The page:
Crime and Punishment by Fyodor Dostoyevsky welcomed me back to the United States. It survived being completely submerged while on a Kayak trip, and the glue held on just long enough for me to finish reading it on Santa Monica beach. Beyond Outrage by Robert B. Reich and American Theocracy by Kevin Phillips thrust me back into political literature, before I tired and retreated to sci-fi, which is not a genre I often read—fun fact: I’ve yet to read a single fantasy novel. Cradle by Arthur C. Clarke and Gentry Lee had its moments of captivating beauty, but I was overall disappointed. It wasn’t as fantastical as I wanted and I couldn’t make myself like the characters. Thankfully, The Ramayana went beyond any conception of time I could have imagined—we’re talking eons—and left me with a sense of fulfillment, somehow. If any books exuded a special kind of energy this year, they were The Alchemist and The Ramayana.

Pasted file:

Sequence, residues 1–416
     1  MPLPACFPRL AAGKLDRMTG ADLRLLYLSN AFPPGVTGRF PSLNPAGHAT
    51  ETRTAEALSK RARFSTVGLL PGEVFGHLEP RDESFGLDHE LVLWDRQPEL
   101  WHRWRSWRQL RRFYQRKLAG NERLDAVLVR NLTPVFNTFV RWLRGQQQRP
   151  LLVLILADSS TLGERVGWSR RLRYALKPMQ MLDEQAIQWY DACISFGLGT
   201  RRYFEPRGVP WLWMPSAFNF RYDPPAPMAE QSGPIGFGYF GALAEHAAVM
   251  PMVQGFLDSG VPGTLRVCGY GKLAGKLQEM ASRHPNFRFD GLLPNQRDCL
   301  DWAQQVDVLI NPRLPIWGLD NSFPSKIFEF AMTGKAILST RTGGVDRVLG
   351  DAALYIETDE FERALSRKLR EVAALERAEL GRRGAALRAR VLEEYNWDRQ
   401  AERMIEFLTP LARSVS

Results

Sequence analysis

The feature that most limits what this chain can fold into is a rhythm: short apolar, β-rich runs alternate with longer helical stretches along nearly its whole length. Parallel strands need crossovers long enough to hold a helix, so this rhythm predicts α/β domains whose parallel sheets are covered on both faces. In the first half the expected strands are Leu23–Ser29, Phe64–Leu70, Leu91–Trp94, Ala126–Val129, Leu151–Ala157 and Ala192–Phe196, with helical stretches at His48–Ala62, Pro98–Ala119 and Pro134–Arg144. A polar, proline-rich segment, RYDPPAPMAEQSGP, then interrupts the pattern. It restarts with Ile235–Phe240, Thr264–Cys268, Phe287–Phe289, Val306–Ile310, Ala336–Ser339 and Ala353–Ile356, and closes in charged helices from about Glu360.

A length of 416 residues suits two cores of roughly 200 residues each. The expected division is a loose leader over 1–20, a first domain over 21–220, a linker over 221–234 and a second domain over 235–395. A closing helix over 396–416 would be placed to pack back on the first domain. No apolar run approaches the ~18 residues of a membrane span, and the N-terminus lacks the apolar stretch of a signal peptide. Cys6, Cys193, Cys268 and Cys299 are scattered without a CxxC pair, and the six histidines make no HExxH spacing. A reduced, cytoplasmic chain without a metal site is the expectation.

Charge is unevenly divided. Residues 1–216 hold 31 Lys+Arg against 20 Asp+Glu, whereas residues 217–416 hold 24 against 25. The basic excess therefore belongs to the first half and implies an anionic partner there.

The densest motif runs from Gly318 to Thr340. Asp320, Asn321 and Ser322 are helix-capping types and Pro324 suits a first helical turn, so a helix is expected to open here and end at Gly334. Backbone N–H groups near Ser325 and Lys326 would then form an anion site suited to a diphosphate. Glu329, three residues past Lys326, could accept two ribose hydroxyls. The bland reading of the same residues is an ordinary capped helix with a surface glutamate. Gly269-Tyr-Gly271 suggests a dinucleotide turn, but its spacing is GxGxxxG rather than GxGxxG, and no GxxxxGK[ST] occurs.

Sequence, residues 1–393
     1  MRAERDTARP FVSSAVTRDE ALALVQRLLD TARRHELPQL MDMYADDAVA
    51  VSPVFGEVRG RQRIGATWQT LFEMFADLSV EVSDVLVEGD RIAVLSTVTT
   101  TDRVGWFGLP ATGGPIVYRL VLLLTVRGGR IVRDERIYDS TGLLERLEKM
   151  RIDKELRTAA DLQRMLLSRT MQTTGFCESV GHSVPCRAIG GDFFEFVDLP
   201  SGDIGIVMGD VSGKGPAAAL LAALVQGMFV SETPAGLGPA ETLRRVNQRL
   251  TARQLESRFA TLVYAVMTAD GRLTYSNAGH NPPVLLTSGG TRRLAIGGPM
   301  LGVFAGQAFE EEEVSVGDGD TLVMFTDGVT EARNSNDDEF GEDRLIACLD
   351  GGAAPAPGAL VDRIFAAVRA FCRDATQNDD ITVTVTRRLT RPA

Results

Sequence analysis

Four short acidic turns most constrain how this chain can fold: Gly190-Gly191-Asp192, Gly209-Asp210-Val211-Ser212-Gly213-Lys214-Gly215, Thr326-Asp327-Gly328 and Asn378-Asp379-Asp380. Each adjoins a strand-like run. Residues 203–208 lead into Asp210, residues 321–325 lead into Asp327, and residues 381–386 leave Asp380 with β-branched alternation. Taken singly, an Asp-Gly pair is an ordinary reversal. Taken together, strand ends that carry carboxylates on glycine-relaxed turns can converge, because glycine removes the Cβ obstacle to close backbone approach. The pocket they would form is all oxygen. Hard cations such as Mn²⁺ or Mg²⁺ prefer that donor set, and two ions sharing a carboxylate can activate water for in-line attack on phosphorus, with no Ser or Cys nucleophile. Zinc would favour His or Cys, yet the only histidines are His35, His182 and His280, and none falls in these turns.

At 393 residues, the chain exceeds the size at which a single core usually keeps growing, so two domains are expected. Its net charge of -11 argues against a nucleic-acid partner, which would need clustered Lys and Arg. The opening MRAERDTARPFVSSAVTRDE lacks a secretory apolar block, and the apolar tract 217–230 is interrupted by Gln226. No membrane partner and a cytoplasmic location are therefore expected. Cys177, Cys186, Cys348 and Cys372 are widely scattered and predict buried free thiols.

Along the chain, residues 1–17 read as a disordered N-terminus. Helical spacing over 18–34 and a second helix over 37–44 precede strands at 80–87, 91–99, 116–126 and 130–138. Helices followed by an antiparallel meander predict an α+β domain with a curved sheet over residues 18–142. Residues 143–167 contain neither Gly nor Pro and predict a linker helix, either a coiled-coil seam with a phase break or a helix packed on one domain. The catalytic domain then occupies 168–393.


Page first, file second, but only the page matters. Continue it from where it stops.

Lastly, Aldous Huxley’s The Doors of Perception and Ayn Rand’s Atlas Shrugged, which is another great juxtaposition, provided me with two ways to think about life. I intend to read more Huxley next year, but I’m glad that I started with The Doors of Perception because I enjoyed the personal tone and mind-blowing observations—mind-expanding might be the more appropriate descriptor. Atlas Shrugged I’ve been reading on and off for about five years, which is insane. I almost gave it up until I saw it on some list of books people rarely finish, so I took it as a personal challenge not to succumb to the list. Just like Aztec from last year, this is another 1000+ page book that manages to stay entertaining throughout. You’ll inevitably pick up and understand Rand’s Objectivist philosophy, since it’s hammered into you throughout the 1000+ pages, but more importantly, it’ll allow you to think critically about the philosophy. I can see myself liking Objectivism and voting Libertarian every four years, you know, if I don’t think too hard about Objectivism. But since I have thought about it, no, I don’t buy into the philosophy.